BATS: HELPFUL OR HARMFUL?
For a lot of people, there is something about bats that just kind of makes their skin crawl. You probably wouldn’t envision a bat as being a shy, gentle and intelligent creature but they are. They have an average lifespan of 25-40 years and they generally have 1 pup per year.
A lot of the uneasy feelings people have about this flying mammal come from myths. In fact, many people go through their life without ever seeing a bat. Bats are nocturnal so they tend to come out at night, while most of us are sleeping.
While many have been taught to believe bats are blind, a lot of them aren’t. In fact, many species of bats can see as well as we can. While we often think of bats as swooping towards people they are actually capable of traveling at very high rates of speed using a sonar-like system to navigate through the dark. Their sonar can tell them how close they are to something, how fast that object is moving and the size it is. You may have even heard horror stories about bats swooping down and getting entangled in hair when in actuality, they don’t do that either. If you ever do see a bat (which is rare), and it swoops down towards you, it’s not trying to get you, it’s likely trying to get the bugs around you.
Bats get a bum deal. Thought of as blood suckers and destroyers of fruit, bats are seen as frightening pests when in fact almost all are beneficial. Those scary, Halloween blood sucking bats? Out of some 1,000 species only three actually take blood from mammals. And those live only in the Central American tropics. Most of the fruit bats live in the tropics as well.
Most bats in the United States feed exclusively on insects. A bat feasting on moths, mosquitos, beetles and other insects can eat one half of its body weight in one night! A single brown bat can eat between 600 and 1,000 flying insects in an hour, some 5,000 in a single night. And not all insects that bats eat fly. They’ll also pluck tomato hornworms, cucumber beetles, codling moths, earworms (like the kind you find in corn) and stink bugs. A typical summer colony of 100 bats feeding 200 days will consume more than 2,200 pounds of insects or about 600,000,000 bugs!
Some smaller bats also feed on pollen and flower nectar. Like bees, they’re pollinators. Most of these bats also live south of the border and pollinate such fruits as guava, avocados, bananas, and mangoes. The lesser long tongued bat and the Mexican long tongued bat, both pollinators, migrate into the American southwest and California. Both, sadly, are on the endangered species list.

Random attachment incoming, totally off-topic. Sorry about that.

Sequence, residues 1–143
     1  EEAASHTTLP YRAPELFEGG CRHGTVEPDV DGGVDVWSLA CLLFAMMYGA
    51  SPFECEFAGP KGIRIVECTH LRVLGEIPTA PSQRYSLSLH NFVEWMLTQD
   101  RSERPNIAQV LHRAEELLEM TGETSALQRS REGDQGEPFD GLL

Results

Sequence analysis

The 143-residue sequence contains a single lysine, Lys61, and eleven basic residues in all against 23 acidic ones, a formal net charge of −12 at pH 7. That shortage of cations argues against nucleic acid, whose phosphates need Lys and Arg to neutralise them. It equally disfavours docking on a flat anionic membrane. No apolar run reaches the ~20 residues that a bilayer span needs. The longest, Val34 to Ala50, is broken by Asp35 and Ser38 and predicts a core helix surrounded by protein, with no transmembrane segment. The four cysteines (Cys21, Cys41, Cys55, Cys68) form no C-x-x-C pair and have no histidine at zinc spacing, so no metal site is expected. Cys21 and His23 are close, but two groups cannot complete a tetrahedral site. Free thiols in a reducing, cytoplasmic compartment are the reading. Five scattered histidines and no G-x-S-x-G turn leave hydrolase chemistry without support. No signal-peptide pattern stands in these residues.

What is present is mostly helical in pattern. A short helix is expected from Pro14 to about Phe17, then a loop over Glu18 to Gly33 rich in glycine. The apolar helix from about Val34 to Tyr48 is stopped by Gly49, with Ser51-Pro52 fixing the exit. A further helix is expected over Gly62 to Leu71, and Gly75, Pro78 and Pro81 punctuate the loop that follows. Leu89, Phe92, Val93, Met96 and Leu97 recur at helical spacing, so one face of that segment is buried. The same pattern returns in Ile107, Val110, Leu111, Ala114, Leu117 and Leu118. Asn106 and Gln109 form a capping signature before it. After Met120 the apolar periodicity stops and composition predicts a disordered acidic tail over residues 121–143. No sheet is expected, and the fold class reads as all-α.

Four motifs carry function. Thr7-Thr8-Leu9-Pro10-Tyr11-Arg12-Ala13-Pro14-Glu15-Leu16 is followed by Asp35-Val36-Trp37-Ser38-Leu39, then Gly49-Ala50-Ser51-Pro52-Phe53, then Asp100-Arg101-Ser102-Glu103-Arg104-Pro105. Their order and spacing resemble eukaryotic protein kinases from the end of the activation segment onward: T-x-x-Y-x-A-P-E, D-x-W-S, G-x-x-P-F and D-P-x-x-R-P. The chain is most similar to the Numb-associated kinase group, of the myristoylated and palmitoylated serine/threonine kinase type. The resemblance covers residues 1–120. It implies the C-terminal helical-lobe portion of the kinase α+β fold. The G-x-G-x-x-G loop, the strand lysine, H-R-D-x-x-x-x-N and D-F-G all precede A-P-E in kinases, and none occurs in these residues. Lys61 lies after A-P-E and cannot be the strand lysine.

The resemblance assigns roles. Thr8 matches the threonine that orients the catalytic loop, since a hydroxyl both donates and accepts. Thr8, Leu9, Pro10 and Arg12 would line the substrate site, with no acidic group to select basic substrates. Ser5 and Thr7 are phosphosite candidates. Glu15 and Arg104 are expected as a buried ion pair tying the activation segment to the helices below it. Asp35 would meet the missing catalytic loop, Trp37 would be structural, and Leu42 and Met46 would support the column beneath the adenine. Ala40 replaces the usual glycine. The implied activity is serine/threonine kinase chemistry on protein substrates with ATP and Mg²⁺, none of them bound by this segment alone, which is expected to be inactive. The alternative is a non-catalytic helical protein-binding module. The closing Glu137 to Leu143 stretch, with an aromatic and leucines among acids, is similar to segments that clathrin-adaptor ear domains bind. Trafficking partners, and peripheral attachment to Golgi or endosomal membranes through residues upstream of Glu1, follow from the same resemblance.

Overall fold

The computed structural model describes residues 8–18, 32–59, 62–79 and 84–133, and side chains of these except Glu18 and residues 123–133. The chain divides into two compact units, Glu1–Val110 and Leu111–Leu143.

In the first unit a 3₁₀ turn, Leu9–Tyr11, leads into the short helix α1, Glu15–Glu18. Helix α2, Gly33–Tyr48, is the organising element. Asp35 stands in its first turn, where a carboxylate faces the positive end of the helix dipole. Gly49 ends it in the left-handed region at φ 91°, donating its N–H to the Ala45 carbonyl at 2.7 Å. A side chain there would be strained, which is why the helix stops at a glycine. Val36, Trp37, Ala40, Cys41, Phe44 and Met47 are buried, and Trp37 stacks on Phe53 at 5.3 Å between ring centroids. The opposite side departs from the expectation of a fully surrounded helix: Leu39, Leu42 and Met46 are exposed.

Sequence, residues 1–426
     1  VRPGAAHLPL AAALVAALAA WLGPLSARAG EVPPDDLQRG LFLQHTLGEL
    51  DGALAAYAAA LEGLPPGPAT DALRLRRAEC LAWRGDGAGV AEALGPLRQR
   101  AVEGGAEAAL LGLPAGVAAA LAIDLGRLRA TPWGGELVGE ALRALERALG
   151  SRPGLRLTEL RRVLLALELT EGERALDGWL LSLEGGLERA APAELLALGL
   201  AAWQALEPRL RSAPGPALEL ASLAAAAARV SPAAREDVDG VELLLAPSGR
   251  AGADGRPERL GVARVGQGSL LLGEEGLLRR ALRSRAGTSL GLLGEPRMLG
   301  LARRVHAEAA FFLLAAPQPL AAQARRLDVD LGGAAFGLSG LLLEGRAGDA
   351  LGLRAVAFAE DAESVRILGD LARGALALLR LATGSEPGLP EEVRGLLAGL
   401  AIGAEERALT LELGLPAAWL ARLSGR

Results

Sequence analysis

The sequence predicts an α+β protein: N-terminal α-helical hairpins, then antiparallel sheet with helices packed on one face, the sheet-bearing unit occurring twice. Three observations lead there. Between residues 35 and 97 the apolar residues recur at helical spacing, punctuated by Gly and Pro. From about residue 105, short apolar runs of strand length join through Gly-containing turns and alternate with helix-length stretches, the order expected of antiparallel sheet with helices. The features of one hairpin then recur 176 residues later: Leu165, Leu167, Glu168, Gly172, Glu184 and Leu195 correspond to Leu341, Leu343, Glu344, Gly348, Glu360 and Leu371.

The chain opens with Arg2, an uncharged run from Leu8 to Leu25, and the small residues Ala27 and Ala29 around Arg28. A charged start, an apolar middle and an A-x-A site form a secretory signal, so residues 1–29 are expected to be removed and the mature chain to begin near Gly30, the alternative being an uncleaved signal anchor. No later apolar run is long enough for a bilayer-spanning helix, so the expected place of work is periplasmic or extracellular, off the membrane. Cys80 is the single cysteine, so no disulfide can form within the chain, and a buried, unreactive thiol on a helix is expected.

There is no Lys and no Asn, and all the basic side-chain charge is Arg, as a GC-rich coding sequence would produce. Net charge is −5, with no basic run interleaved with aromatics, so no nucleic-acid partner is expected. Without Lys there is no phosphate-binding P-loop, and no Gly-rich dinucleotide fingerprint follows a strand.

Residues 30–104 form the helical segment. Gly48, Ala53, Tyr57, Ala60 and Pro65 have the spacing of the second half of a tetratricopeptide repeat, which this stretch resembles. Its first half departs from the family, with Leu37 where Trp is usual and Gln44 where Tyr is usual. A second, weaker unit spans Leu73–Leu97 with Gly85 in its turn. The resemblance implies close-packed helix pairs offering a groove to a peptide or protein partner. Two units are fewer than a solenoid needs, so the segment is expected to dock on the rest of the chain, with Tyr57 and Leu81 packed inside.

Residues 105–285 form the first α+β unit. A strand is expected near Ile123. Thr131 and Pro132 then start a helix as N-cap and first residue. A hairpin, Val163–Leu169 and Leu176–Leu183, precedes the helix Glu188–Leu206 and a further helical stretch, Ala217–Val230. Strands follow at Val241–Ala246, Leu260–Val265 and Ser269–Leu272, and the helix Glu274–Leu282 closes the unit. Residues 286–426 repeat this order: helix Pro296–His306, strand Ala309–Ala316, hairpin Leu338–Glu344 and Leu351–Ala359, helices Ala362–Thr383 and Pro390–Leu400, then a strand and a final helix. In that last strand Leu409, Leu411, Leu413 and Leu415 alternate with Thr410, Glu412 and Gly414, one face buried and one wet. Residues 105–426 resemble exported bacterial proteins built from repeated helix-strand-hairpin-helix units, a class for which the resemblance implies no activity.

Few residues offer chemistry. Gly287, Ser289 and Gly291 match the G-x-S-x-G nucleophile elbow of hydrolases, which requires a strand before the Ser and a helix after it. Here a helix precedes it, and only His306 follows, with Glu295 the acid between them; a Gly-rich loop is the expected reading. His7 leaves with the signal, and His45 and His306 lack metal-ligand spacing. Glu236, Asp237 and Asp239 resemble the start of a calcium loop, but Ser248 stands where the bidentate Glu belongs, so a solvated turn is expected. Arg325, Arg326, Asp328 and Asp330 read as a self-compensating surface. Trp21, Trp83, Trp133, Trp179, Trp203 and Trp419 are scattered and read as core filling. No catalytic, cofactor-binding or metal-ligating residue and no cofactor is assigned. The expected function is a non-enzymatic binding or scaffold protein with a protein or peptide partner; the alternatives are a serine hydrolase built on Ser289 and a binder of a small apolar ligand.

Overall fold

Just as some bats rely on thousands of insects each night for survival, other animals in the ecosystem rely on bats for their calories. Hawks, falcons, and owls eat bats, and mammals like weasels, ringtail cats, and raccoons sometimes attack bats while they roost.
Are bats a danger to humans?
People tend to believe that bats are like rodents, that all bat species are similar, that they commonly carry dangerous diseases and that they seek to interact with humans. But bats are not closely related to rodents and they are an incredibly diverse order of animals. Generally, no, bats do not endanger people. Bats CAN be carriers of diseases and rabies, but these diseases are not a danger to humans unless people come into contact with bat blood or saliva – a rare occurrence in the U.S. There have been 15 case of rabies transmission from bats in the last 50 years. Rabies can be contracted from almost any mammal species, but is commonly reported in bats, raccoons, skunks and foxes.
Most bats try to stay as far away from humans as possible, but this is made more challenging as we continue to take away their habitat. Many bat species prefer to roost in the shaggy bark of dead trees, but as there are fewer trees available, the bats may find their only shelter in people’s attics, sheds and garages. This puts them in close proximity to humans where unwanted interactions may occur.
In fact, bat numbers across America are in decline. The reasons are many but almost all have to do with human activity. Much of this is because of loss of habitat. Many bats live in caves which are subject to vandalism. Other roosting bats are losing their habitat to timber harvesting and land clearing. Pesticides are also a huge killer of bats. A disease — White Nose Syndrome (WNS) — first introduced to this country in 2006, is also a major factor, killing some 6 million bats a year.
One thing we can do is provide bat houses near our garden to encourage bats to live there. About the same size as a bird house, bat houses can host dozens of bats (remember, most bats are small). Sunny with Thunderstorms offers several styles and sizes of bat houses. A bat house, by providing a preferable alternative, will also discourage bats from roosting in your attic or garage. If you install a bat house outside, be patient. It may take bats a season or two to find the house and move in.
Some of bats' unique features like membrane wings and echolocation have inspired technological advances in engineering. Drones that have thin and flexible bat-like wings are are in the works as well as tiny, more efficient sonar systems for navigation. The wingsuits used by basejumpers take more than a few cues from bats' aerodynamic bodies.
Because bat species are able to withstand and survive infection with many viruses, there is a lot of interest in researching how their immune systems respond to these infections.
- JoEllen Urasky